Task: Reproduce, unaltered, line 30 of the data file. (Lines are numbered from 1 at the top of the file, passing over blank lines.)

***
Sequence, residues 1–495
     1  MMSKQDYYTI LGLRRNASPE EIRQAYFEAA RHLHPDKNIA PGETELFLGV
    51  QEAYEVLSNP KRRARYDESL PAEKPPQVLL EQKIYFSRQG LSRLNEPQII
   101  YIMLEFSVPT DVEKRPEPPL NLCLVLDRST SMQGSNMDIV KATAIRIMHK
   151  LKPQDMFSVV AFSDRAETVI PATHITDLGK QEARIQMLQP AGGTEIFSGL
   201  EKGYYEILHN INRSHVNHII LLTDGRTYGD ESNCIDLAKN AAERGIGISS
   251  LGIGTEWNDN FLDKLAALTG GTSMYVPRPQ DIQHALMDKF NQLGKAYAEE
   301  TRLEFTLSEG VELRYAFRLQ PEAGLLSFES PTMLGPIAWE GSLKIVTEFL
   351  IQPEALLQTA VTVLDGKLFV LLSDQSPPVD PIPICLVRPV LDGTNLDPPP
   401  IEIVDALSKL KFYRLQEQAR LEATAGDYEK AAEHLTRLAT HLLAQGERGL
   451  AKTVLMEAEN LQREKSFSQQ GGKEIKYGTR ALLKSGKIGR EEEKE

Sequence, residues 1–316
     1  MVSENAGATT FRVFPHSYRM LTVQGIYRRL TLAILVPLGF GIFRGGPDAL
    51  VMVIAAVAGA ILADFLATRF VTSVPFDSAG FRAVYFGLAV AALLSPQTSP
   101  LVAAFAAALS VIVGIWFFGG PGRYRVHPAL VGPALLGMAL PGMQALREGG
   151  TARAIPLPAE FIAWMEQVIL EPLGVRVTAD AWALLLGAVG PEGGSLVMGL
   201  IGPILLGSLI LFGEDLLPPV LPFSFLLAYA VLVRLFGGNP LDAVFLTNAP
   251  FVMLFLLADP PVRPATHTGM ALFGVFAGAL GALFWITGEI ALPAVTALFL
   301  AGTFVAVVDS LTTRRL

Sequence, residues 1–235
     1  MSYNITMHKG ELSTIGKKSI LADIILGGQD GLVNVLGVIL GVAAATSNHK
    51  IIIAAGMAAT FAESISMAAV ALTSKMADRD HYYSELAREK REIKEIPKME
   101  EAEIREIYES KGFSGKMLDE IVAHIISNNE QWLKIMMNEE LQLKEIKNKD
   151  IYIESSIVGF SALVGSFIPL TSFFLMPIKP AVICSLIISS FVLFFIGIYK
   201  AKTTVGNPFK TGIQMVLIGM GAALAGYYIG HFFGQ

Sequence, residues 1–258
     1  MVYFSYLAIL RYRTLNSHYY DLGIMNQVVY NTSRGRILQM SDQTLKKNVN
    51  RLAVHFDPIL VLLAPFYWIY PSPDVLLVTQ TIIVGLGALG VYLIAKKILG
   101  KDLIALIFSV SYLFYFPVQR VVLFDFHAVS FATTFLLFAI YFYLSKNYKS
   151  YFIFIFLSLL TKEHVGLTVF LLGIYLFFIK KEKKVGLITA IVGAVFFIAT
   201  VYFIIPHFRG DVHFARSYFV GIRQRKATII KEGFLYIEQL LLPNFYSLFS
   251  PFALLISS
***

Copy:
   151  YFIFIFLSLL TKEHVGLTVF LLGIYLFFIK KEKKVGLITA IVGAVFFIAT